• KartaNarusheniy.ru, an interactive map created by Golos to track reports of election fraud
  • Gazeta.ru, an independent news site
  • Lenizdat.ru, a Saint Petersburg-based independent news site
  • Slonl.ru and Newtimes.ru, opposition sites which posted the Golos map after Gazeta.ru took it down
  • Ridus.ru, a citizen-journalism site
  • Doshdu.ru, the site of Dosh, an independent news magazine about the Russian Caucasus
  • Zaks.ru, a news site on the northwest region.

Some media organizations and opposition groups, having anticipated these developments, migrated to social networks and called on their readers to follow them on Twitter and Facebook in the event that their sites went down.

Disputed elections, attempted control of online political debate

Most traditional media organizations, notably television networks, are under Kremlin control, genuine political discussions have been possible only online. Any measure deemed necessary to uphold the country’s strongman, Putin, has been considered appropriate.

Even before and during the legislative elections, debates had been hindered by cyber-attacks and by the arrests of journalists and bloggers. Those detained included Alexey Sochnev, the editor of the independent news site Besttoday.ru; Maria Plieva, a prominent blogger in Ossetia; and the president of Golos, Lilia Chibanova.

Golos’ interactive election-fraud monitoring map proved to be a great success as the elections unfolded. Thousands of videos showing irregularities at voting places were posted to the site, prompting Russians to take to the streets in great numbers to denounce election fraud. Navalny and many journalists were arrested during these post-election demonstrations,

The great majority of traditional media organizations – especially television networks – ignored these events. Instead, they provided largely favourable coverage of Putin’s party, United Russia, which swept the legislative elections.

English: Emblem of Federal Security Service of...

English: Emblem of Federal Security Service of the Russian Federation. Español: Emblema del Servicio Federal de Seguridad. Русский: Эмблема ФСБ. (Photo credit: Wikipedia)

The social media site Vkontakte, which has more than 5 million members in Russia, found itself in the government spotlight. The FSB told the site’s founder and director, Pavel Durov, to shut down seven groups calling for demonstrations last December (including a group rallying to defend the ruling party). A Russian blogger estimated that up to 185,000 netizens subscribed to protest-organizing groups. A spokesman for Vkontakte said publicly that the site would not practice censorship and would not carry out the FSB order. Following the statement, Durov was summoned to appear before prosecutors in Saint Petersburg on 9 December.

Regional discussion forums, very popular at the provincial level, with most participants anonymous, have become a favourite resource for political debate among Russian netizens, and a nightmare for the authorities. However, these sites are less powerful than the national media and easy to censor, though that has not prevented netizens from migrating to other sites, hosted abroad. At least three forums were closed or suspended during the months leading up to the early December elections.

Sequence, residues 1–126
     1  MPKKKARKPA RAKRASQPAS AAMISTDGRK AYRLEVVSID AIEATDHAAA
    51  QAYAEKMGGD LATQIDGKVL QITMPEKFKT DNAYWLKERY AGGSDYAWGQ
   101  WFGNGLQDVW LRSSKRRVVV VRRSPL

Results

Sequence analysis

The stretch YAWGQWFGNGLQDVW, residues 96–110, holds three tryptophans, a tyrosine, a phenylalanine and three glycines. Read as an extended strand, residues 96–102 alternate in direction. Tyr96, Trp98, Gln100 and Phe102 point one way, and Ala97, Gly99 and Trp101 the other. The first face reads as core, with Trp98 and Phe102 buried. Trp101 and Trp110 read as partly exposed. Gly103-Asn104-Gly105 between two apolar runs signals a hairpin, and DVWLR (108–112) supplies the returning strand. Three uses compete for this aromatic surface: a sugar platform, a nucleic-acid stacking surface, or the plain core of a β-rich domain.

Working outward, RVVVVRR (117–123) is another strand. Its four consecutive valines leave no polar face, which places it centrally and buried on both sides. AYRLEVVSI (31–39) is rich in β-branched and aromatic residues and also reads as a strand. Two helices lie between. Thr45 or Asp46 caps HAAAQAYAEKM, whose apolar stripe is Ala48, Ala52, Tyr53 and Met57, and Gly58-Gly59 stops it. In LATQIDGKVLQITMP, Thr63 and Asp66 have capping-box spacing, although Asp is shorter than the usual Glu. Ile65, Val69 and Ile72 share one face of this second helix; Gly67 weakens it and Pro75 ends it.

One of these sites is the Kostroma Jedis regional forum, which was targeted following the posting of two satirical videos criticizing Igor Slyunyaev, governor of the Kostroma region, some 300 km northwest of Moscow. In November, other forums were shut down or purged of all political content by their administrators. One such case occurred in the Arzamas, a city 410 km east of Moscow, affecting the mcn.nnov.ru site. Another took place in the west-central city of Miass, 95 km west of Chelyabinsk, affecting the forum.miass.ru site. It is not clear if these were cases of official action or self-censorship. In either case, the closing of these forums signifies a narrowing of the possibilities for political debate on the Russian Web.

In the run-up to the presidential election in March, Golos, the election-monitoring NGO, put up a new version of its interactive map to track election fraud, with stronger defences against cyber-attack. Navalny, the activist and blogger, mounted a site, Rosvybory.org, to assist citizens in becoming presidential election observers.

The campaign of repression mounted for the legislative elections illustrated the official attitude toward protest. And the official response was designed to create a deterrent to popular action in the presidential election period. Tensions grew during the months between the two elections. On 17 February, Reporters Without Borders denounced a wave of intimidation aimed at national independent media. Major targets included Echo of MoscowNovaya Gazeta, an independent newspaper, and Dozhd, the online television operation. The latter organization received a fax on 16 February from the Moscow prosecutor’s office, demanding detailed information on the “network’s financing for coverage of mass demonstrations on 10 and 24 December.”

These barely veiled accusations against Dozhd track precisely with statements by Prime Minister Putin, who had publicly accused demonstrators of having acted at the encouragement of the US state department. Roskomnadzor, the mass communications authority, had already required Dozhd to defend its coverage of the December protests. After examining in detail the images that the network had transmitted, the agency finally concluded that they contained nothing objectionable.

Journalists were again arrested and beaten during the post-election demonstrations of 5 March 2012. The clear goal was to prevent coverage of the demonstrations. However, contrary to what was seen in December, cyber-attacks seem to have been set aside – for now.

Export of the Russian model of Web control?

Russia has played a leading role on the international scene in promoting its vision of the Internet and exporting its Web control strategy. Moscow has proposed to the UN, together with China, Uzbekistan and Tajikistan, an Internet conduct code designed to provide “information security.”

The impact of the Kremlin’s policy is all the greater because the RuNet sphere of influence extends throughout the region, influencing countries such as Belarus and Kazakhstan in their Internet monitoring and censorship programs.